cave painting

Surviving Survival School

By Catherine Fredman

Lunch, if you could call it that, was on Mother Nature: a handful of waxy sweet milkweed blossoms, three tasteless wild rose petals and a few cupfuls of water that had been purified with aerobic oxygen to protect against parasites. Rob, one of our instructors, characterized this odyssey as a "paleolithic lifestyle"; at that point I might have described it as the hike from hell. "We're being nomadic, en route to the next kill," he said dramatically. "Then we'll feast." And when would the next milkweed banquet be held? "It could be tonight. It could be tomorrow. I don't know."

One thing was certain: I sure hadn't known what I was getting into when I signed up for a seven-day walkabout with Boulder Outdoor Survival School, a.k.a. BOSS. And now, after a meal that only a mountain goat would have enjoyed and an unknown number of miles bush-whacked through high-altitude Utah wilderness, it was too late to sign out.

The BOSS program specializes in primitive living skills, using an approach that maximizes natural resources and minimizes dependence on modern technology. That was what appealed to me and the seven others who enrolled. Although we came from different parts of the country, had backgrounds ranging from financial analyst to dental hygienist and our ages ranged from 15 to 47, we all had the same reason for taking the course: We had spent enough time in the wilderness to fear the effects of Murphy's Law. We wanted to learn what to do when the matches get soaked, a bear shreds the tent or the car won't start.

The first phase of any walkabout course is known as "impact," an artificially created situation designed to test your physical and mental endurance by throwing you into a constantly changing environment with minimal instruction and even less sympathy. It started under a copiously shedding cottonwood tree, which rained sticky white fibers on us as we rolled our belongings into a blanket, tied up the pack and then bid it goodbye. Gimlet-eyed instructors wandered around ferreting out contraband- Milky Way bars, toilet paper, matches, flashlights, watches, sunglasses. Our impact allowables consisted only of what could be tied around the waist. Forget about making an informed choice- information, it seemed, was as taboo as toilet paper. "We've had 110 degree Fahrenheit temperatures during the day and had canteens freeze on us at night," warned Scott, one of the three instructors. "You can take a journal if you think you want to remember," added Rob. Thanks, guys, for all your help.

Amid the exasperating refrain, "We can't make that decision for you," I spread out my down-filled ski jacket, stuffed the sleeves with a pair of long johns, capilene top and fleece pullover, jammed the pockets with an extra pair of wool socks, knit hat and kerchief, put sunscreen and lipsaver in a pants pocket and attached a tin mug to my belt. I wore a T-shirt, jogging shorts, loose-fitting jeans, two pairs of socks and beautiful new chocolate-and-green Raichle boots. Two hours later, they were a uniform dirt brown.

cave paintingA van dumped us at the end of a dirt road in the Dixie National Forest, where a sign ominously proclaimed, "Road closed ahead." The dust from the disappearing van was gradually replaced by the vanilla scent of sunwarmed ponderosa pines. A dry wind flickered through the rabbitbrush, a thigh-high gorse-like shrub. No one said a word. Then we walked past the road sign and left civilization behind.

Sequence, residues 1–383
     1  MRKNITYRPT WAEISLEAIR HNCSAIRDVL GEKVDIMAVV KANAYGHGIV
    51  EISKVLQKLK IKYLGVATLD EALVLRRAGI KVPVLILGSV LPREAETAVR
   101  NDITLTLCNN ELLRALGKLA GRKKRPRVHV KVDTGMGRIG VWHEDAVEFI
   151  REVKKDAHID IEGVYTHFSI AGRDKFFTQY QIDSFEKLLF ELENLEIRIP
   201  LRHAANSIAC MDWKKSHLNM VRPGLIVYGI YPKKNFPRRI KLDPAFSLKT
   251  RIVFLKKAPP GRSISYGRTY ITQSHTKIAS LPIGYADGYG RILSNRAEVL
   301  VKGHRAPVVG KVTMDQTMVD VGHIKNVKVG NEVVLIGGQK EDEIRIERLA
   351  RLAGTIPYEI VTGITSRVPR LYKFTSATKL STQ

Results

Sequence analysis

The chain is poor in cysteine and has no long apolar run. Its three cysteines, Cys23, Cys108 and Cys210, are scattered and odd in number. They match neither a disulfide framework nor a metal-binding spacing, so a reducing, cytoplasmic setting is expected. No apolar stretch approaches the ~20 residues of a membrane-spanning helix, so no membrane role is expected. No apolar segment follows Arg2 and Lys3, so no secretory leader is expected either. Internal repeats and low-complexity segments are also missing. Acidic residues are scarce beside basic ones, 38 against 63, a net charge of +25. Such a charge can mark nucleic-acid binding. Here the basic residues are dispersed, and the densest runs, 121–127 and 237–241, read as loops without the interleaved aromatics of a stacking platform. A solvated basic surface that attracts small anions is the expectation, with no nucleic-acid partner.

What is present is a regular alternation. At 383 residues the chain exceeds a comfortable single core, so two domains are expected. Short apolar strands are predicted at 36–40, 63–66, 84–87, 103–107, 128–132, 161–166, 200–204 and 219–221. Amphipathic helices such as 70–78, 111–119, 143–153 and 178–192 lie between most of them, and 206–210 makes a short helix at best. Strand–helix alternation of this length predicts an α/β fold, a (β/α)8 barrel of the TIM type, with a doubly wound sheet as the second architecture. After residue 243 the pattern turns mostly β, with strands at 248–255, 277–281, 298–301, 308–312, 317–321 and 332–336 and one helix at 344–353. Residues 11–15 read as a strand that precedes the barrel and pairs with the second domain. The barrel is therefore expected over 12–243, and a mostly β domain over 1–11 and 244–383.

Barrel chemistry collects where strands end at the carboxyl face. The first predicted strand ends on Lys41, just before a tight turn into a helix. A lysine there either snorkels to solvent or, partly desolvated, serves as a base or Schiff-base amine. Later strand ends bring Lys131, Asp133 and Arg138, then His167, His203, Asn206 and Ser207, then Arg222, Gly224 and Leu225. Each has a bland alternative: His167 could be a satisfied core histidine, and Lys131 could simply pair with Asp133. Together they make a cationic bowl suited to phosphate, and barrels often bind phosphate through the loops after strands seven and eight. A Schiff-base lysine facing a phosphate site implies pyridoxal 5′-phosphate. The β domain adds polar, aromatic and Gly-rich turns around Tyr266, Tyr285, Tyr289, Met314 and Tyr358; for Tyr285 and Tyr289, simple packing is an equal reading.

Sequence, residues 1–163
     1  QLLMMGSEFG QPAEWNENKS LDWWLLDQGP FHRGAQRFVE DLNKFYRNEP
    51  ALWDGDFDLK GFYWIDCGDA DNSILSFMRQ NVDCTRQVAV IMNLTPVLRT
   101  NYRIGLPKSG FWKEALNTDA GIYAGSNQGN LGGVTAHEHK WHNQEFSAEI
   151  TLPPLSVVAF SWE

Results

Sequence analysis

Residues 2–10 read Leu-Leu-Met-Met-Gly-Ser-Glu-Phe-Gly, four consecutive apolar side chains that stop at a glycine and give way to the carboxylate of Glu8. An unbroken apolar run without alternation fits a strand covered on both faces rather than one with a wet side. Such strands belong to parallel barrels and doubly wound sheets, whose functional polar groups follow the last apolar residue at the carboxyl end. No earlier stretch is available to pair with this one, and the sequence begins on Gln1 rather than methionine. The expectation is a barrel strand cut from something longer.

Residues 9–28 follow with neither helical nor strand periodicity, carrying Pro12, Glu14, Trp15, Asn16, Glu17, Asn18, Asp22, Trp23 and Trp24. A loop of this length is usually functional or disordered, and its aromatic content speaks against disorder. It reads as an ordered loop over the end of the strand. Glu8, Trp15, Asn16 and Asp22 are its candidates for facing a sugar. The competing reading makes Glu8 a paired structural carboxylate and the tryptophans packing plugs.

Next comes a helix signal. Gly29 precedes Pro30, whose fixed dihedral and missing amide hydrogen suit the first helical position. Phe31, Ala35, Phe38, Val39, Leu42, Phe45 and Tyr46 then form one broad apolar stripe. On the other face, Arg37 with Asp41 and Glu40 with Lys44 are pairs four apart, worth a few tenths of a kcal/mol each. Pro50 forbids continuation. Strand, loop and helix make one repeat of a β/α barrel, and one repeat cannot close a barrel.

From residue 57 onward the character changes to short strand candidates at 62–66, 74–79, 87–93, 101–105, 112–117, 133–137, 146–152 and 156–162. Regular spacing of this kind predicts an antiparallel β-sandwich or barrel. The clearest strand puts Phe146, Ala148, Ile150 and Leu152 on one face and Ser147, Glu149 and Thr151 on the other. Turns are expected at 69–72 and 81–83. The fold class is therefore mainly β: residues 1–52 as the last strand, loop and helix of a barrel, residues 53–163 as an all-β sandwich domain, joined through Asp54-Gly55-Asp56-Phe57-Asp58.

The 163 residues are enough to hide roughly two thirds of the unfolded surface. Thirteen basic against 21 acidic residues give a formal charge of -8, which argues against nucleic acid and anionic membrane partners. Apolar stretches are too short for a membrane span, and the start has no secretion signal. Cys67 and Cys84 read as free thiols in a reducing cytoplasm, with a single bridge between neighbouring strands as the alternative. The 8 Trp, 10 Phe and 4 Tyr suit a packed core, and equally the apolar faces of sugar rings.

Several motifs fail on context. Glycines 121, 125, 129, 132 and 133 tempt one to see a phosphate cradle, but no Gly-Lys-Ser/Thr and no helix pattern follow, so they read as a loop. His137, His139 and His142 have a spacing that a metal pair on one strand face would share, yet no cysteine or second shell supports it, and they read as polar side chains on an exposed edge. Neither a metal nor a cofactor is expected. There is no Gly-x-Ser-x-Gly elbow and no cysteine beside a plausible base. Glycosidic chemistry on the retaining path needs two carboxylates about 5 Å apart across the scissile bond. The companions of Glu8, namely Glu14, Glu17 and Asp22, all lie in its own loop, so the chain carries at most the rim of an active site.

Just how far behind was soon made wrenchingly clear. Rob called us into a circle near a clump of sagebrush and announced, "There are no Charmin bushes out here. Use a handful of dust. Either pat it on the spot or toss it up, then whisk it away with rabbitbrush or sage. You can use a stick or pine needles, but if they're used incorrectly, you'll find yourself in a sensitive situation." I compared the soft, aromatic sage leaves to the scrawny stalks of rabbitbrush and quickly decided that sagebrush would be this girl's best friend.

With the basic hygiene lecture taken care of, it was time to introduce ourselves. "Give the name you'd like to be known by," said Scott, making the ordinary ritual seem like some tribal ceremony fraught with portent. To my relief, no one asked to be called Wind Rider or New Moon or anything other than Dick and Evy and Bernie and Tom. I usually go by Catherine, but when my turn came, I gave the nickname my family uses. If something happened and I was rendered unconscious, I reasoned, I might respond more quickly to "Cathy," than to my formal name.

Not that anyone felt like talking. Because in addition to the secrets of sagebrush, we'd also just learned another BOSS lesson: Even if you don't like it, live with it. If you wanted to bail out, the instructors would point you in the right direction, describe landmarks to watch for...and wish you luck. You'd be on your own. No one volunteered.

And then we got lost. I think. The instructors weren't saying. At any rate, night fell and we decided to make camp on top of a sagebrush-covered hillock. Making a camp consisted of stumbling down the slope in the moonlight to the creek, drinking lots of water, then stumbling back up. The temperature was plummeting, so I sidled up to Keith, a bulky, sweetmannered Texan, and offered to share my fleece pullover as a pillow if he'd share his body heat. I chose well: Keith was a radiator, and I needed one, in spite of donning every stitch of clothing and using my extra socks for mittens. The rapidly cooling earth leached away my body heat. After what seemed like hours of silent shivering and trying to burrow out of the wind, I gave in to my need for human companionship. "Keith, are you awake?" I whispered. He was. (Who wouldn't be?) "I've never been so uncomfortable in my entire life," I confessed. "Me, either," he said. And with that admission, we forged a warm, human bond in the lonely landscape of "impact."

"So, what brought you here?" I asked, chattily. The answer was a little startling. It turned out that Keith had read an interview with the founder of BOSS, an article that, in fact, I had written. The coincidence- and the incongruity- soon had us both giggling. So it seemed utterly natural for me to ask Keith to put his arms around me to shield me from the wind, and for him to warm his hands in my jacket pockets. Curled up together, we finally dozed off. I'd also chosen the camp's loudest snorer, but that, too, proved useful; after making a post-moonset trip into the sagebrush, I found my way back by listening for Keith.